We unfortunately did not venture out in Amsterdam as much as I would have liked. We were staying in The Hague and Dordrect, so the train to get to and from Amsterdam was quite expensive. Anyhow, I look forward to returning to this city – there is so much to see. I would highly suggest visiting in the summer (if you can afford it), as the Netherlands is a pretty cold country. We visited in early October and it was on some days bone chillingly cold. Anyhow, it is a gorgeous city with its many water canals, historic buildings and houses and museums. When visiting Amsterdam, save yourself time and money by purchasing a museum pass and avoiding long lines.
In the cold.
While it’s raining.
For an hour.
Ok, you get it. We went to the Van Gogh museum, and despite the waiting to get in I loved it. The format in which they present his works is organized and helps the visitor understand/appreciate his art with more depth. Angelo also keenly pointed out the poignancy of Van Gogh’s mental health decline visualized thru his self portraits. Vincent died very young at 37, and his most prolific works were created the last two years of his life after only painting for ten years.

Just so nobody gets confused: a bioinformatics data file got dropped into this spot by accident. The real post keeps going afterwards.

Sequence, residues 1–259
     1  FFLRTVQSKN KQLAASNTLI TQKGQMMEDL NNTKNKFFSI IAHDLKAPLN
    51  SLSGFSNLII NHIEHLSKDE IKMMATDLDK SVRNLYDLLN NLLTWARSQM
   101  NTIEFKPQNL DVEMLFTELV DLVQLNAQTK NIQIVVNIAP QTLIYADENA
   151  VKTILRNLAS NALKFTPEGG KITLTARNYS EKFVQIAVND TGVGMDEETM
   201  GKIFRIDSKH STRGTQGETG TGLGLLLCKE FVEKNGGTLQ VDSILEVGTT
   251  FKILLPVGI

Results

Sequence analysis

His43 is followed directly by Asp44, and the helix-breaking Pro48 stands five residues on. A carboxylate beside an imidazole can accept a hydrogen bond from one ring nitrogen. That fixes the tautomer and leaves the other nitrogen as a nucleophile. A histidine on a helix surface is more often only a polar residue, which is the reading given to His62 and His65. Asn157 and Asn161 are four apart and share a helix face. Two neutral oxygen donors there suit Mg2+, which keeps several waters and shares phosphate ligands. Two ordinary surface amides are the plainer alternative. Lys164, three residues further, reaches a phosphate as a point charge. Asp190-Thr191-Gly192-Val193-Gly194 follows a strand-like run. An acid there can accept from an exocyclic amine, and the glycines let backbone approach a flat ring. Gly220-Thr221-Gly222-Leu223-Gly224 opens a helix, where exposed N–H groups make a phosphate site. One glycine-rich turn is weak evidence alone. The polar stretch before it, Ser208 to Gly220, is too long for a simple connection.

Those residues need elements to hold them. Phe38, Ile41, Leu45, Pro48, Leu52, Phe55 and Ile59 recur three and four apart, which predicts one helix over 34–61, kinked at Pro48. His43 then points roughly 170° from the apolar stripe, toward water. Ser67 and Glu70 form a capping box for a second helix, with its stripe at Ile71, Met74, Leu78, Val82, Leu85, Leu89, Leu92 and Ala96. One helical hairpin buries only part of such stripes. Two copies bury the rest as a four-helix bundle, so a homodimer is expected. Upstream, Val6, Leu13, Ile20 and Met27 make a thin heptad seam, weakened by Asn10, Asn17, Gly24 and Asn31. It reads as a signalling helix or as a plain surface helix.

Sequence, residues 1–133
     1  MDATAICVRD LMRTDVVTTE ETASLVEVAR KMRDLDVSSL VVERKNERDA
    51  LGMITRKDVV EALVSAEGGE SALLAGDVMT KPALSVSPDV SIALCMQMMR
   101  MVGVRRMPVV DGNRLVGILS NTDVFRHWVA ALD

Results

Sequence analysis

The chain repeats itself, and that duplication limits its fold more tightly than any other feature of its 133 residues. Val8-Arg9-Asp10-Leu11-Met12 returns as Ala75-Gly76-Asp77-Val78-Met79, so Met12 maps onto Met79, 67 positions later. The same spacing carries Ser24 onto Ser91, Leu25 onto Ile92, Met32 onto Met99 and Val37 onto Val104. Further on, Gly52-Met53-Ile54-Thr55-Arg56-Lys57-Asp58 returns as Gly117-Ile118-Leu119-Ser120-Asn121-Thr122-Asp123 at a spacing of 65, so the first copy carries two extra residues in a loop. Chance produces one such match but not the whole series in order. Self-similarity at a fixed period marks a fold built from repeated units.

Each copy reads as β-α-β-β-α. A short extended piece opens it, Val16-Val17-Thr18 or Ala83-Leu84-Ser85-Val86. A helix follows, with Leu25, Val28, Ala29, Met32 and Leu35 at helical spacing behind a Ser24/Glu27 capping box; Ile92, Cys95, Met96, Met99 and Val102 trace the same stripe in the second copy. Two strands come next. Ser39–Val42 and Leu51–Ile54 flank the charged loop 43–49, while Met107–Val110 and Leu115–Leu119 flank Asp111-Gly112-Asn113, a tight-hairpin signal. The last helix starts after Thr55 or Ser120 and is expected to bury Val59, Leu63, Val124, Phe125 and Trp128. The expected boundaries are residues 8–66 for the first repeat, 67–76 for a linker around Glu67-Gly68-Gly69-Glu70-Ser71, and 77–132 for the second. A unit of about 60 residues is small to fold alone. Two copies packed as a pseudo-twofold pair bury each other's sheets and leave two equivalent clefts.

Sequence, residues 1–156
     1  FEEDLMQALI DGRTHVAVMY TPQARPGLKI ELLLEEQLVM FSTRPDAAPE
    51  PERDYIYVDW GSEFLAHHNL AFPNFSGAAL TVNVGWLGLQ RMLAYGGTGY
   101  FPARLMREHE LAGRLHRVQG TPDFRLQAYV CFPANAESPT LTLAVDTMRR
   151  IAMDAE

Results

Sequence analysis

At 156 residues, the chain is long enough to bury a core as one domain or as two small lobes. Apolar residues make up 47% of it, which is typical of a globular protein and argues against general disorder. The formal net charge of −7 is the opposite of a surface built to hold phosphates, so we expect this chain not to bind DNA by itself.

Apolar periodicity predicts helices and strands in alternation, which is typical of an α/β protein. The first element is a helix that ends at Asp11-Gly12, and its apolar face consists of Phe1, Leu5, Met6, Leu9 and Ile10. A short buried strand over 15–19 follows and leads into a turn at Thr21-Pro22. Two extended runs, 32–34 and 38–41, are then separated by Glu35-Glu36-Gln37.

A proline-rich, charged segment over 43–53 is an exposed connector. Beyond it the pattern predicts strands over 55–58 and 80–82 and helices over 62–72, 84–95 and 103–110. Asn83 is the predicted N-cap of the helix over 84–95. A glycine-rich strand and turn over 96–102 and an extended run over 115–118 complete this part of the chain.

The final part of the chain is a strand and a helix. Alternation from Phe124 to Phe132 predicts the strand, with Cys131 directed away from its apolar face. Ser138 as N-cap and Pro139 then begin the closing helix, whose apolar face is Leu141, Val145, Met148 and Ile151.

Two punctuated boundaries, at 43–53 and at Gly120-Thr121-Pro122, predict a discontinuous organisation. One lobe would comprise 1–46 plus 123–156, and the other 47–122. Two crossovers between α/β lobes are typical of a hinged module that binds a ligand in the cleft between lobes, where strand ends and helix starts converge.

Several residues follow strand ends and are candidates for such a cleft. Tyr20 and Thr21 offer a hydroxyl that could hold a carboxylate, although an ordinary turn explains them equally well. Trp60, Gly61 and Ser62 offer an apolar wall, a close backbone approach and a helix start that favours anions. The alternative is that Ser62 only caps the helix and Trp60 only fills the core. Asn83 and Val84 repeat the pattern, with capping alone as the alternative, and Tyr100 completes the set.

On 263 Prinsengracht street in central Amsterdam, you will find the Anne Frank Museum. Like most grade school children you are introduced to the atrocities of Nazi Germany through the eyes of a young Jewish girl living in hiding for two years. Unfortunately, I knew all too well about that dark period of history due to my Japanese – American grandmother being interned in an Arizona camp (although my grandmothers experience as horrible as it was, cannot be compared to the Nazi Death Camps). Anne, along with her father Otto, mother Edith, sister Margot and four other Jews were able to hide successfully from the Nazis until they were betrayed and sent to concentration camps. Only Otto survived, when he returned to Amsterdam Miep Gies handed over his daughters diary and writings. To visit the space is a very emotional experience even for those of us who were born long after the war. As you enter the secret entrance through the bookcase one can get a sense of how fragile life must have seemed to the hidden occupants and those who were helping them. The windows are still covered with black cloth and the family was not allowed to open shades even an inch during the day. It must have been a suffocating experience, and even Anne writes about wanting to go outside, breath fresh air and run around. Every night the families would listen to the radio hoping for Allied victory. At the museum Anne Frank’s diary is on display, also other diaries and stories that she wrote. Not only was this young adult a prolific writer, but one senses that she was mature beyond her years. Adults and children should visit here to help understand and put into perspective how evil humanity can be. On the other hand it demonstrates how resilient the human spirit is, even under the most confined conditions.